Heres a handy list of useful beginner permaculture plants for you to include in your food forest:
Emergent Trees can be existing tall trees on the property, nut trees, and other plants that drop fruit. Select tall trees very carefully because you will not want to climb up to collect the bounty. Good tall species include the rare Davidson plum. Avoid big trees on small sites or in areas where the falling nuts such as a Bunya nut or Eucalpyt branches can be dangerous.
Canopy plants positioned on the sunny side of your home need to be deciduous. Choose fruit and nut trees that don’t block light in winter. They will provide frost deflection and structural support to vines and understory plants below.
Epiphytes include dragon fruit, monstera, and bromeliads such as pineapples. Whilst these are not parasitic, they can weigh a tree down. These provide fruit, trap moisture, and keep the soil organisms fed and watered.
Perennial vines include heavy Grapevine and Kiwi fruit whereas short-lived vines include melons, pumpkins, Choko (Chayote), Basella, and Passionfruit.
Understory trees enjoy shade or the edge of the food forest. Small food trees are less well known in the western world. They include hazelnut, dwarf varieties of apples and citrus, Tamarillo and Coffee. But there is a wide range of lesser know foods such as jabuticaba and walking-stick palm.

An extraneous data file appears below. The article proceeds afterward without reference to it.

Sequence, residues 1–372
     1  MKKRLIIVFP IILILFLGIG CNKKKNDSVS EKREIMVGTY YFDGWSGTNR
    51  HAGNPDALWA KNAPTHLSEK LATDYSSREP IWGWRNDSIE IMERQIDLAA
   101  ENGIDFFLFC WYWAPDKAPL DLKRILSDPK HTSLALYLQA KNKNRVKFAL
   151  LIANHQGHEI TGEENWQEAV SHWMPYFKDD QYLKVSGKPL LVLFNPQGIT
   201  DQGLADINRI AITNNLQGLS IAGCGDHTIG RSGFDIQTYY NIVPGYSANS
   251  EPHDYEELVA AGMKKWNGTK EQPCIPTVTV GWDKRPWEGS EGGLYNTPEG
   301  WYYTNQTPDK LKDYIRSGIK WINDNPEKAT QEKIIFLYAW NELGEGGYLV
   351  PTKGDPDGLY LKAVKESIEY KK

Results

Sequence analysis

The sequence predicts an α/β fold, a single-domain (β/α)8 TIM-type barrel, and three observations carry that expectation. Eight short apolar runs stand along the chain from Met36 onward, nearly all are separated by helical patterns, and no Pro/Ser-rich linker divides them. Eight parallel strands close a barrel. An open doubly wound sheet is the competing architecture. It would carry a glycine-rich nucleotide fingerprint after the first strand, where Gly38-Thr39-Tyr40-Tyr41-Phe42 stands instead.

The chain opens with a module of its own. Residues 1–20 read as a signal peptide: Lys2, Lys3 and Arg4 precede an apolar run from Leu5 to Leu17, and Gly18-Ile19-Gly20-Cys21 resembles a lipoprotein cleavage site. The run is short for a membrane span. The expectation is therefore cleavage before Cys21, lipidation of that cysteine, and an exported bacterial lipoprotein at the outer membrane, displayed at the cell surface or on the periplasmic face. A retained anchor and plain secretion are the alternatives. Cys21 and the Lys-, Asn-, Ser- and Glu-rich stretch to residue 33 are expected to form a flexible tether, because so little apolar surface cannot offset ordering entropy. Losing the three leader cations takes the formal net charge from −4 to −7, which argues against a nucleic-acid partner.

Shrubs include perennial Chilli bushes, Blueberries, Raspberries, Tea and a wide range of herb bushes such as sage or verbena.
Herbs and vegetables are well known in the culinary world of the west. They are valuable in reducing soil erosion.
Grasses include asparagus, lemongrass but even banana and bamboo are grasses.
Tubers include potato, kumara (sweet potato), ginger, turmeric and much more.
Fungi include a wide range of mushrooms.
Starting from scratch?
To get the most joy for your effort, plant a mix of annual and perennial plants. Annual plants will give you joy soon and Perennial plants will surprise you in years to come. Choose foods you know you like and you have seen growing in your neighbour’s gardens. Once you have good water management and some growing skills, branch out into rare food plants.
The most valuable asset is your permaculture design and staging plan. This is created specifically for your food preferences, climate, site aspect, and soil type.
Enhance everything you’ve got. Modifying the landscape to capitalise on natural assets such as rainwater, mulch, and fertiliser will speed up the transition to a food forest. Also, convert all your organic waste into a productive resource.
Did you know? A lot of valuable food plants such as ginger can be grown indoors or in large wicking containers until the soil is improved. Some foods, such as mung bean sprouts, will even grow in a cupboard.